Inefficient sorting in R

Somewhat inspired by this beautiful video of computer sorting algorithms, I set out to write my own. Knowing full well that I would likely discover a method that performs worse, I leaned into the wind.

My sorting algorithm takes a random arrangement of the integers up to the vector’s length and rearranges the original list in this order, repeating until the list is in order.

At worst, this should perform in the order of O(n!)!

 inefficient_sort <- function(x) {
 
    if (length(x) == 1) {
        return(x)
    }
 
    solve <- x
    in_order <- all(solve[1:(length(x) - 1)] < solve[2:length(x)])
 
    while (!in_order) {
        solve <- x[sample(x = 1:length(x), size = length(x),
                          replace = FALSE)]
        in_order <- all(solve[1:(length(x) - 1)] < solve[2:length(x)])
    }
 
    return(solve)
 
}

Using the microbenchmark package, this is, on average, circa 300,000 times slower than the default sort function.

library(microbenchmark)
 
microbenchmark(inefficient_sort(x), sort(x), times = 10)
Unit: microseconds
                 expr         min          lq         mean      median           uq          max
 inefficient_order(x) 3454323.589 5831976.813 25708513.570 9451126.667 32137622.969 96802481.587
              sort(x)      48.641      65.599       96.256      96.613      132.982      137.444
 neval
    10
    10
Still works though.

Extending the incremental operator

I wanted to extend the infix incremental operator to allow it to be equivalent to either the += operator from python or the eponymous ++ operator from C++ where the operator would add one to the current value if a second argument wasn’t entered.

 pp <- function(x, y) {
    if (missing(y)) {
        eval.parent(substitute(x <- (x + 1)))
    } else {
        eval.parent(substitute(x <- x + y))
    }
}

This gives:

 x <- 1
pp(x)
[1] 2
 
pp(x, 10)
[1] 12

What I would really love is an infix operator that can run when one of the two required arguments are missing, ie, a world in which this code runs:

 `%+%` <- function(x, y) {
    if (missing(y)) {
        eval.parent(substitute(x <- (x + 1)))
    } else {
        eval.parent(substitute(x <- x + y))
    }
}
 
x <- 1
x %+% 
x
[1] 2

Visualising the Riemann Zeta Function

I was playing around with the Riemann zeta function from the pracma package – trying to find the best way to visualise it and specifically, its zeros. The zeta function, of course, is given by:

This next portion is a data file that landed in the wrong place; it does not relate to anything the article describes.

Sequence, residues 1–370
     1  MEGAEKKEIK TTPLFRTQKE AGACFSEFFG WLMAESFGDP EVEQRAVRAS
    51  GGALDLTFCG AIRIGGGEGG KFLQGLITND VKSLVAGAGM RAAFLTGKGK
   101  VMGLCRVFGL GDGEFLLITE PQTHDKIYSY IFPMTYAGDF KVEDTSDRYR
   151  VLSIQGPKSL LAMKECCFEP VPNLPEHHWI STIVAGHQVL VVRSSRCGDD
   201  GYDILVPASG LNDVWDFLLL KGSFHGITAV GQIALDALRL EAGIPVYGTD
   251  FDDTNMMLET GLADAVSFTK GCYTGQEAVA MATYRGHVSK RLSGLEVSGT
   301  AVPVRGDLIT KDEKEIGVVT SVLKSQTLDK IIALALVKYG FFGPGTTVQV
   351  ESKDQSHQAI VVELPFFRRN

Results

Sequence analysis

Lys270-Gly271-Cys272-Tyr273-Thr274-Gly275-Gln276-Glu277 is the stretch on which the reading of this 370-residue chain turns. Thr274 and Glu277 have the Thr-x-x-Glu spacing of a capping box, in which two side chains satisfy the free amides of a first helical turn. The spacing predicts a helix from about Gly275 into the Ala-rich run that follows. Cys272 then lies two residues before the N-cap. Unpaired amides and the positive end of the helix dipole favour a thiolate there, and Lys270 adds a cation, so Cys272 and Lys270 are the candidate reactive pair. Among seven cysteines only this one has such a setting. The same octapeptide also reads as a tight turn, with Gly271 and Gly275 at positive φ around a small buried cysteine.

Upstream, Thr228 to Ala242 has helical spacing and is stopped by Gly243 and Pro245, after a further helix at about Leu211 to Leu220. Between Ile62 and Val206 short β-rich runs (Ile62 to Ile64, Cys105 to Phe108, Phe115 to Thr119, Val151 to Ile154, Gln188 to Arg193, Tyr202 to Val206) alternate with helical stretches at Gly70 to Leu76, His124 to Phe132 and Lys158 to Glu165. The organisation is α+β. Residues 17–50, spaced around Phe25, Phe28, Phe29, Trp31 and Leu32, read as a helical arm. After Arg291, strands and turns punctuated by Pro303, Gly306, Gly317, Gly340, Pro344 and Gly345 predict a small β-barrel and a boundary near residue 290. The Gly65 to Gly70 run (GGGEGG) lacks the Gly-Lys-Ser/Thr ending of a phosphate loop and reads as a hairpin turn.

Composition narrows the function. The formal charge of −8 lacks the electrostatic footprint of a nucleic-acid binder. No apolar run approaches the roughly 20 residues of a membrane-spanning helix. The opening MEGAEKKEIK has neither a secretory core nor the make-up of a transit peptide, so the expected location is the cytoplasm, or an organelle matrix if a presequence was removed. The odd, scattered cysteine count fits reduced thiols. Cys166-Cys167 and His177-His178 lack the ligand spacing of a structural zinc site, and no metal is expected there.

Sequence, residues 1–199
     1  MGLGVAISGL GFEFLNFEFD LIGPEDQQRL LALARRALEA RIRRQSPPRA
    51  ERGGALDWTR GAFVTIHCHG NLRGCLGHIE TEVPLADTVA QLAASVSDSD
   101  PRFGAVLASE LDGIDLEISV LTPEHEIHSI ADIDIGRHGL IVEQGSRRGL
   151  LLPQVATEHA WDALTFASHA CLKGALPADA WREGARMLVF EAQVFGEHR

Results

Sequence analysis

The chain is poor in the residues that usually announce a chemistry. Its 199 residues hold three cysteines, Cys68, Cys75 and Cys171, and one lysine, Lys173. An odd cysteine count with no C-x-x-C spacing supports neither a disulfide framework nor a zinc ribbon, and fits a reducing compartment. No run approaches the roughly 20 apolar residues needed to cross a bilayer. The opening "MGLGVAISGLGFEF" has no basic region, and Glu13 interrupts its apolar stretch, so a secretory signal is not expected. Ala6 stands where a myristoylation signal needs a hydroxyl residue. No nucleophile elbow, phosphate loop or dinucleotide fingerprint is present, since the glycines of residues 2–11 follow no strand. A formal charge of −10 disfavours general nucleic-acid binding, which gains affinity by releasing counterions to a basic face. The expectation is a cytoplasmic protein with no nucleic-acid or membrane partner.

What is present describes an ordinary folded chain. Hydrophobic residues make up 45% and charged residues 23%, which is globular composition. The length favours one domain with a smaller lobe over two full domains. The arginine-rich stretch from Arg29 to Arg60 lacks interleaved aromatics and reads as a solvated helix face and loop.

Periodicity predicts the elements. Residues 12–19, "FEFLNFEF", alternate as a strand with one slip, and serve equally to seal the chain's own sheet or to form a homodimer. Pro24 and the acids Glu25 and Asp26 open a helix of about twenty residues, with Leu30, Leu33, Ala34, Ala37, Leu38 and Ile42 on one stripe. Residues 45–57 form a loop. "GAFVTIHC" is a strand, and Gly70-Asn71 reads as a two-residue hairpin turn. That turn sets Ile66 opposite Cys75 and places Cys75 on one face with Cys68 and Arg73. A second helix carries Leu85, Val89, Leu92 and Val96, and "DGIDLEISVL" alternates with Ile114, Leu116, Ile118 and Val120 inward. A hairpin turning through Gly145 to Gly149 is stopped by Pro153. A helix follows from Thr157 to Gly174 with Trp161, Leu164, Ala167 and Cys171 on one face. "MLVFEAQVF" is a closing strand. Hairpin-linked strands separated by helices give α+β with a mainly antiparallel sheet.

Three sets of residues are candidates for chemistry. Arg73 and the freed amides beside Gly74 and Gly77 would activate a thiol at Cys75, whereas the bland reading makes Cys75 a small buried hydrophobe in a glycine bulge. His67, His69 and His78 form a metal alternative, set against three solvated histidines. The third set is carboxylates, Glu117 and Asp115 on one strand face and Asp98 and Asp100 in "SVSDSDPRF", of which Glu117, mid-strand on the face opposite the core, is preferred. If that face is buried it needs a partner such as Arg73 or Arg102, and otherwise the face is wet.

\begin{equation*}\begin{aligned} &\zeta(z) = \sum_{n=1}^{\infty} \frac{1}{n^{z}}\\ \end{aligned}\end{equation}

All non-trivial values of \zeta(z) exist for z with Re(z)=0.5. The way I choose to visualise it was the polar plot of \zeta(z) for values Im(z) \in (0,100) and Re(z)=0.5.

library(pracma)
library(ggplot2)
library(gganimate)
library(dplyr)
 
#### Create complex set vector ####
    # Imaginary parts
    y <- seq(0, 100, len = 10001)
 
    # Complex vector
    z <- 0.5 + y * 1i
 
#### Evaluation of Zeta function ####
    # Real part
    real_ <- Re(zeta(z))
 
    # Imaginary part
    imaginary <- Im(zeta(z))
 
#### Plotting ####
    zeta_df <- data.frame(real_ = real_,
                             imag = imaginary,
                             frame_ = 1:10001)
 
    g <- zeta_df %>% 
            ggplot(aes(x = real_, y = imaginary, frame = frame_)) +
                geom_path(size = 1.2, aes(cumulative = T)) +
                geom_point(size = 2, aes(x = 0, y = 0)) 
    gganimate(p = g, filename = "riemann.mp4", interval = 0.001, title_frame = F)
}

Compounded arithmetic in R

I was looking for an equivalent to the += python operator in R; firstly out of curiosity and then to just not be beaten by something so simple.

In R, infix operators (operators sandwiched with %, ie, %.%) take arguments on the left and right sides to be closer to standard arithmetic functions. Using the infix structure, I created a simple compounded arithmetic operator for addition:

`%+%` < - function(x, y) {
    eval.parent(substitute(x <- x + y))
}

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